My favourite story is about my two pairs (that’s where the story comes in) of Pearl Harts. I was going to a conference in China, and had been advised that conservative dress was best, so I was looking for a pair of plain black heels. I went to the Granville store, and there was a very nice pair of Pearl Harts in solid black. There was ALSO a pair in black with cream contrasting trim. I dithered, but the salesperson said to me, sternly, “I will remind you, you said you needed a pair of plain black shoes.” So, I bought the plain black ones, and took them home, and they were lovely, and they were just right for the upcoming conference, but I also couldn’t stop talking about the others. My husband finally said, “You should go back and buy them as well.” The next day, I was back in the Granville store, and went straight to the display model of the black and cream pair – and my face fell, because they were a size 9 (I’m a 6.5, and that’s what had been on display the previous day). The same sales guy saw me, disappeared into the back, and came out with the black and cream, in my size. He said, “I figured you’d be back, and I didn’t want there to be tears.”

What do Fluevogs mean to you?

For me they’re the perfect shoe – a way to make an ordinary outfit just a bit unusual, the kind of shoe that is memorable, in a good way. I often find myself in conversation with strangers when I wear a pair – people will stop me on the street to compliment the shoes, or ask where I got them. I like that they’re from Vancouver – the local angle is very appealing.

How do you feel when you wear your Fluevogs?

Happy!

Can you tell us how many pairs you own?

I think I just bought pair number 20 – silver Mission Katie lace-up wedge boots. Both my (now adult) children have several pairs too – I got them hooked early!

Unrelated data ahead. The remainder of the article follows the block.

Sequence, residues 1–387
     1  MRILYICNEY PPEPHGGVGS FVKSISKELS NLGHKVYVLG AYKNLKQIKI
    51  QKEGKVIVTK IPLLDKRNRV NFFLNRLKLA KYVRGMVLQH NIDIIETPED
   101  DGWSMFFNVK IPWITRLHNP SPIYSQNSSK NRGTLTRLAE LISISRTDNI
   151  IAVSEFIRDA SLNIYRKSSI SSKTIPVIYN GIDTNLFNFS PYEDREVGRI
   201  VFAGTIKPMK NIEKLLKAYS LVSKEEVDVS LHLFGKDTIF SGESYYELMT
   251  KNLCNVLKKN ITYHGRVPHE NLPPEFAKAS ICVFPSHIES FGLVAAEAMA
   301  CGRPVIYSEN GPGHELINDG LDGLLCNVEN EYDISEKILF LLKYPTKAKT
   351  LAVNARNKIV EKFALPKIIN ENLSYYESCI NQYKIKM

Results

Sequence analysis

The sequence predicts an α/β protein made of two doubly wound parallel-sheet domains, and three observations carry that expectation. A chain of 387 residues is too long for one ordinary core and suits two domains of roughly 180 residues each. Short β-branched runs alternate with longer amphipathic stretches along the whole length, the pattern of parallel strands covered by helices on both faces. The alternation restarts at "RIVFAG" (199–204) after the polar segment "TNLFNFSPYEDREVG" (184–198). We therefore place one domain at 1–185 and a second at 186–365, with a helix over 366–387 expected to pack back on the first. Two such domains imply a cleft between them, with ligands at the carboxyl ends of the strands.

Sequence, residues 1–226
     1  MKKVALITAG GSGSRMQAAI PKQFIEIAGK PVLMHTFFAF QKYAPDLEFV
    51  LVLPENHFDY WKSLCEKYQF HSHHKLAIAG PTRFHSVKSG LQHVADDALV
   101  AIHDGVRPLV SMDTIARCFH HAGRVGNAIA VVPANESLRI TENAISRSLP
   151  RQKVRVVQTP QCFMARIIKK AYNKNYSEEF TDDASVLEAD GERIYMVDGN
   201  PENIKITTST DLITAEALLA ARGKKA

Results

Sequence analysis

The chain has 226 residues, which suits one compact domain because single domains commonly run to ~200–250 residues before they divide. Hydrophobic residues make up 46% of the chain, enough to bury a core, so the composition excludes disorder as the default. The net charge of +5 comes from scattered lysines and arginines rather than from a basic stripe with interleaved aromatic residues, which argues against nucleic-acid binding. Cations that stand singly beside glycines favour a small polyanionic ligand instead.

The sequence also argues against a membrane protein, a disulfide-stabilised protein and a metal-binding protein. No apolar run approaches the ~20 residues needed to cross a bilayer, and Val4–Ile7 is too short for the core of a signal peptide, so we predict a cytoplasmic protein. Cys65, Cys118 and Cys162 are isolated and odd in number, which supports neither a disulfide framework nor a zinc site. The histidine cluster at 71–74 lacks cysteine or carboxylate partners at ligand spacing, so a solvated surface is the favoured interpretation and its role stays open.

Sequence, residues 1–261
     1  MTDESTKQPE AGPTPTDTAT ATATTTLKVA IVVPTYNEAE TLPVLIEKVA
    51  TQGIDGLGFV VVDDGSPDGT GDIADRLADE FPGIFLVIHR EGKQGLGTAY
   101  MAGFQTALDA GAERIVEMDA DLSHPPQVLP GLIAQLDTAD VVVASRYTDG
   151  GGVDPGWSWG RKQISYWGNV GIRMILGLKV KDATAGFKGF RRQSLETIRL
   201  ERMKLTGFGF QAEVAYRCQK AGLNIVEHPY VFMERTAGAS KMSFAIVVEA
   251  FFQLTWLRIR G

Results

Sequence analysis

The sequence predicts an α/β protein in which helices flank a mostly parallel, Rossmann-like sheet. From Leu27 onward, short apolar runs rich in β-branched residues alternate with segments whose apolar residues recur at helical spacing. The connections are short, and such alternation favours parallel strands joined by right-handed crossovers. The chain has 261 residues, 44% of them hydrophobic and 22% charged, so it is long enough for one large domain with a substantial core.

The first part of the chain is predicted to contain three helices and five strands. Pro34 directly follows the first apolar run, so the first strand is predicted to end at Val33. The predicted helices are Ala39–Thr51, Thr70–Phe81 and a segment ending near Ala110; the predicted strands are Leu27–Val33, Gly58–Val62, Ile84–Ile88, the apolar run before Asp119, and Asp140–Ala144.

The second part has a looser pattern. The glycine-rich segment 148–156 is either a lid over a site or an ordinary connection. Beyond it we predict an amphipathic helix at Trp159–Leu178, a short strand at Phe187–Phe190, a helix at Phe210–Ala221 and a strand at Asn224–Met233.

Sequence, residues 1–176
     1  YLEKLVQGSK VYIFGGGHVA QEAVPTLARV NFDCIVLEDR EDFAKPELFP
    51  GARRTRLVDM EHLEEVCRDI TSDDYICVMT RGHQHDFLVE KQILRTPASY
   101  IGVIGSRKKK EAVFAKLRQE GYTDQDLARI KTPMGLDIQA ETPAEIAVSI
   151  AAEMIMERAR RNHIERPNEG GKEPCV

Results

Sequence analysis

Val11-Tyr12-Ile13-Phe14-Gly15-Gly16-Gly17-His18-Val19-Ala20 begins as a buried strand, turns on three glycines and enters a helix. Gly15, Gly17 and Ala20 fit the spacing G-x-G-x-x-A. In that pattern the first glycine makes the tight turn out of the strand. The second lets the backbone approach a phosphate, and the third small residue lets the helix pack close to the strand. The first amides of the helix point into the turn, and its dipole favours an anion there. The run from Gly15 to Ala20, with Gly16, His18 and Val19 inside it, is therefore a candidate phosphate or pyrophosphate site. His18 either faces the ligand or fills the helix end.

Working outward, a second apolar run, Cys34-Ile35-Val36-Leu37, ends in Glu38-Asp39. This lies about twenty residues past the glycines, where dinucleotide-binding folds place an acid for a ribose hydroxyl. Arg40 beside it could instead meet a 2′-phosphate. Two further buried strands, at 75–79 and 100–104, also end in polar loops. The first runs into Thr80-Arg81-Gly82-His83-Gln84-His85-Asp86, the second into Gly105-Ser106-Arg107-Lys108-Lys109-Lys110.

Photos courtesy of Siân Echard

Photos courtesy of Siân Echard

Get to know a Fluevogger: Siân Echard​

As part of the exhibition “50 Years of Sole: A History of Fluevog: Honouring a Vancouver Icon,” presented by The David Lam Management Research Library and Canaccord Learning Commons, Rare Books and Special Collections, and the Irving K. Barber Learning Centre at UBC Library, we are delighted to share profiles of Fluevogers at UBC, and some snapshots into their shoe collections.​

Siân Echard is a Professor in the English Department at the University of British Columbia. She offers undergraduate and graduate courses in Middle English literature, the Arthurian tradition, medievalism, and book history. She has received a UBC Killam Research Prize (1998), a UBC Killam Teaching Prize (2001), and was named a Distinguished University Scholar in 2004.

 

When did you get your first pair of Fluevogs? What were they? 

It was a long time ago – black “serve and be served” lace-up pumps – they have stacked heels and metal hooks for the laces. The series is called the Teacup Series, I think. I still have them.

Any interesting stories behind your Fluevogs?

My favourite story is about my two pairs (that’s where the story comes in) of Pearl Harts. I was going to a conference in China, and had been advised that conservative dress was best, so I was looking for a pair of plain black heels. I went to the Granville store, and there was a very nice pair of Pearl Harts in solid black. There was ALSO a pair in black with cream contrasting trim. I dithered, but the salesperson said to me, sternly, “I will remind you, you said you needed a pair of plain black shoes.” So, I bought the plain black ones, and took them home, and they were lovely, and they were just right for the upcoming conference, but I also couldn’t stop talking about the others. My husband finally said, “You should go back and buy them as well.” The next day, I was back in the Granville store, and went straight to the display model of the black and cream pair – and my face fell, because they were a size 9 (I’m a 6.5, and that’s what had been on display the previous day). The same sales guy saw me, disappeared into the back, and came out with the black and cream, in my size. He said, “I figured you’d be back, and I didn’t want there to be tears.”

What do Fluevogs mean to you?

For me they’re the perfect shoe – a way to make an ordinary outfit just a bit unusual, the kind of shoe that is memorable, in a good way. I often find myself in conversation with strangers when I wear a pair – people will stop me on the street to compliment the shoes, or ask where I got them. I like that they’re from Vancouver – the local angle is very appealing.

How do you feel when you wear your Fluevogs?

Happy!

Can you tell us how many pairs you own?

I think I just bought pair number 20 – silver Mission Katie lace-up wedge boots. Both my (now adult) children have several pairs too – I got them hooked early!

Photos courtesy of Siân Echard

Photos courtesy of Siân Echard